- You will refund the customer through a credit balance or voucher that they must spend with you. You should be clear if there's any time limit on using this credit.
- You will refund the customer's payment. Make clear if this will be in the form of a check, refund to a payment card, a bank transfer, or another method.
- You will offer the customer a choice between these methods.
Victoria's Secret details how the refund method varies in different circumstances:
You should also note how long it will take to make the payment, for example whether you do so immediately, upon receiving the returned goods, or within a certain time after receiving the goods.
You should mention if you don't refund purchase costs in full and instead deduct an amount known as a restocking fee. If so, you should explain:
- When this will apply (bearing in mind that it may only be legal in some cases)
- How the fee is calculated (for example flat rate, percentage or sliding scale)
- Whether it's subject to any taxes
You also need to explain whether you refund the purchase cost in full or whether you exclude the original shipping costs.
Best Buy details the variety of restocking fees and methods it applies, including who doesn't' have to pay the fee:
Sometimes customers may want to get a refund by cancelling an order, before they receive the goods in the first place. Applicable consumer laws in your jurisdiction may set out whether or not you must allow it. You could also voluntarily allow it even when not required to do so.
If you have such a policy, your Return and Refund Policy should make clear:
- How customers can cancel an order
- What deadlines apply for cancelling. (This could be a set period after placing an order, or at any time until the goods are dispatched.)
You should also make clear if any exceptions apply and, if not obvious, why this is the case. For example, you might refuse to allow cancelled orders for customized products or those which involve perishable materials or ingredients.
Microsoft gives clear details on when and how customers can cancel orders:
Now that you know what content your conditions of return/customer requirements clause should include, let's look at the best way to display your Return and Refund Policy so your customers will be able to view it easily.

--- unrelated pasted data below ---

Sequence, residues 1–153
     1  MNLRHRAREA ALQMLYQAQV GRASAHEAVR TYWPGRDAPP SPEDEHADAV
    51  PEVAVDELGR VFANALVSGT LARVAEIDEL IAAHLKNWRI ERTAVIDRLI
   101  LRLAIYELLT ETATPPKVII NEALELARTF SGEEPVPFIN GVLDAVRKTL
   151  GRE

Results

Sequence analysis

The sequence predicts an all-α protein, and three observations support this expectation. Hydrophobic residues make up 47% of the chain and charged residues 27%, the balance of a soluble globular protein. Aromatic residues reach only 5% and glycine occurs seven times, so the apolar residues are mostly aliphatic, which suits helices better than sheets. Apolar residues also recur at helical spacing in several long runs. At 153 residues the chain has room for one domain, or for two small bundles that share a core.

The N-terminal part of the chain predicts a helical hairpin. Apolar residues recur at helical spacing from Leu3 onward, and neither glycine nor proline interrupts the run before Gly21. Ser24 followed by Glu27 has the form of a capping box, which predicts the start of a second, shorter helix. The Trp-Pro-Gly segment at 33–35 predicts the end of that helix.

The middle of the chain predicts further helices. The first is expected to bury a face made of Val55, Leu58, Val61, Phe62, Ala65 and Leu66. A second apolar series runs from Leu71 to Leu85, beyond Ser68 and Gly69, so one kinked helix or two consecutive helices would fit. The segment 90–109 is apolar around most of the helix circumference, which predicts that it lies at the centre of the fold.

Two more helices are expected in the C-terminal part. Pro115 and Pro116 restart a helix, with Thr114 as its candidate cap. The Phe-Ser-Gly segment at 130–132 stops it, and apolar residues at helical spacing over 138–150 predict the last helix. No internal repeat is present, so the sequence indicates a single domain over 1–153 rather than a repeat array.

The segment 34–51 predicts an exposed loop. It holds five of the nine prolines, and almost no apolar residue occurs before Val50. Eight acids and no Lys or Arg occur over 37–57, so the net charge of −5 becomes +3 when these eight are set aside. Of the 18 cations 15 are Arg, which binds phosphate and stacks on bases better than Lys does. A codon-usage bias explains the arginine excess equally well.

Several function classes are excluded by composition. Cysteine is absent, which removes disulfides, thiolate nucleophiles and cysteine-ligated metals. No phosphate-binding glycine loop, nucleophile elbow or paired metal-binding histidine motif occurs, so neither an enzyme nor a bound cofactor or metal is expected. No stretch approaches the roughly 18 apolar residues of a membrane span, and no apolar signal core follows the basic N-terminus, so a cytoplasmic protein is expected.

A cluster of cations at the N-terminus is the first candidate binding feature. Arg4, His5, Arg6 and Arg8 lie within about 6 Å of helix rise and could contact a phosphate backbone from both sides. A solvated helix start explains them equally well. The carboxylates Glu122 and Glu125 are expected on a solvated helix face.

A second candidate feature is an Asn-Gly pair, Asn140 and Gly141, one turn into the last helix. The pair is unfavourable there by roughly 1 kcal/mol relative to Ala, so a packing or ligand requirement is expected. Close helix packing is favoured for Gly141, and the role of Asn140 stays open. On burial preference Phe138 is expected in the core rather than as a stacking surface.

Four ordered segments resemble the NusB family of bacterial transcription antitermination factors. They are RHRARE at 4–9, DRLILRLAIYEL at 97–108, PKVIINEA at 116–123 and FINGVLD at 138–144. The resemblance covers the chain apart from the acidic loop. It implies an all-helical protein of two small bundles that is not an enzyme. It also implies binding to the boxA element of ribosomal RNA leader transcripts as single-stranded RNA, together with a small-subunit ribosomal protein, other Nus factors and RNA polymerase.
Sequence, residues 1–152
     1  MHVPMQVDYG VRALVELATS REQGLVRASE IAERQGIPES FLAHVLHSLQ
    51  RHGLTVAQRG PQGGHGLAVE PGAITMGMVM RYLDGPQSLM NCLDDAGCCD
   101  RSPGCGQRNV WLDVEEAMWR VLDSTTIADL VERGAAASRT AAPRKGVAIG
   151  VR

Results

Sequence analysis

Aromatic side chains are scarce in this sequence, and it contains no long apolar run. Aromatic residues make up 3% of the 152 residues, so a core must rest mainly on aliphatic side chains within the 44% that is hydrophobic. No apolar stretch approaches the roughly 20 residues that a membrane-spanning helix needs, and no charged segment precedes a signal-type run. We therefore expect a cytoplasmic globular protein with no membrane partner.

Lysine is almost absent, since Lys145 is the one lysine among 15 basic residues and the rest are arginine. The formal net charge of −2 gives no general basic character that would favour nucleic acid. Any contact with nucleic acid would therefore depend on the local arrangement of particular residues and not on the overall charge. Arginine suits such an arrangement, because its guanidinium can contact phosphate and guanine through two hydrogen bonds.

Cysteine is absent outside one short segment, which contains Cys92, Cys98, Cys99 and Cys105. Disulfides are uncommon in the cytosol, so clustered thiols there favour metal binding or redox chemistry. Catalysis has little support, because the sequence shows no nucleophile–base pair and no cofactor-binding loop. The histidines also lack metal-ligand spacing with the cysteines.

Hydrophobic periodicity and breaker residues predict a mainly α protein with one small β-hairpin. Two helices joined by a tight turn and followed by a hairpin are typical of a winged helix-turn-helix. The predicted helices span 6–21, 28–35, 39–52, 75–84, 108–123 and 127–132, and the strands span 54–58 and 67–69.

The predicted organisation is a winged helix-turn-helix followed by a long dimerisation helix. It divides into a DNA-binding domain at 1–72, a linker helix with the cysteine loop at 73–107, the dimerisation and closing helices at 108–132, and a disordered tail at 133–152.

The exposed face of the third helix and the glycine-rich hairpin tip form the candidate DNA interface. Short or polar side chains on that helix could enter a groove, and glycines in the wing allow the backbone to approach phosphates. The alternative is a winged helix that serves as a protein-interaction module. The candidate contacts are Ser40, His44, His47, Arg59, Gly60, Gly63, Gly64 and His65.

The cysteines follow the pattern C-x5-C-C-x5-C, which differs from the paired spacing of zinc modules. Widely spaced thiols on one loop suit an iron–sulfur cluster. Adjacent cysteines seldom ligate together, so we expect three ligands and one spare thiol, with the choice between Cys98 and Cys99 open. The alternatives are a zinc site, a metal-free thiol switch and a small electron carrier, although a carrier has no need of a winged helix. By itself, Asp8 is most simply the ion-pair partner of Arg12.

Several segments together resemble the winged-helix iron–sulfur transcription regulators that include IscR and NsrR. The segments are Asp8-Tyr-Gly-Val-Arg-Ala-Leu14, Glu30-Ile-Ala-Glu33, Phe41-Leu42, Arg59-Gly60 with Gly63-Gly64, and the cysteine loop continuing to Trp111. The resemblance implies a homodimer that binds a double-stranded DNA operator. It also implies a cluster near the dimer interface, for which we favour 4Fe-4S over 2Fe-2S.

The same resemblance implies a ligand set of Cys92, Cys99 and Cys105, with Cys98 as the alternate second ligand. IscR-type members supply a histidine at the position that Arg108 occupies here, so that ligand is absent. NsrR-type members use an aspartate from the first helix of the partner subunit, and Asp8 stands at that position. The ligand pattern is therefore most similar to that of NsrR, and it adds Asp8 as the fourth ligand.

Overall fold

How to Display Your Return and Refund Policy
You have several options when it comes to displaying this policy, thus highlighting your conditions of return/customer requirements clause. The key is that if you need to rely on anything the policy contains in a legal dispute, you must be able to prove the customer had a reasonable opportunity to see it.
At the absolute minimum you should include the information in your standard Terms and Conditions, in a clause that either summarizes your entire Return and Refund Policy, or links to it at a separate page.
Here's how Target does this, with a short clause in its Terms and Conditions agreement that links to its Return Policy:
If you do have a separate Return and Refund Policy, you should link it to your website footer so it can easily be found from any and every page of your site.
Let's recap what you need to know about conditions of return/customer requirements clauses in a Return and Refund Policy:
- A Return and Refund Policy isn't usually a legal requirement, but can build trust and reduce the chance of legal dispute or confusion.
- Always remember that clauses in your Return and Refund Policy cannot override or remove any requirements in applicable consumer law.
- Clauses such as "conditions of return" or "customer requirements" should be part of a complete Return and Refund Policy that addresses when and how customers can return goods and get a refund.
- Detail what goods you do and do not allow customers to return. Explaining the logic behind any exceptions can boost customer relations.
- Detail the circumstances in which customers can return goods, including whether you limit it to specific reasons.
- Tell customers exactly what they must do when returning goods, including how to start the process, and how they must package and return them.
- Explain who is responsible for the costs of returning goods and how any payments work.
- Explain how and when you will refund customers for returned goods, including how any deductions such as restocking fees work.
- Make clear if, how, and when customers can cancel orders before they receive them in the first place, including any exceptions.
- Display your Return and Refund Policy clauses clearly and make sure you can prove customers had a reasonable opportunity to read them before placing an order.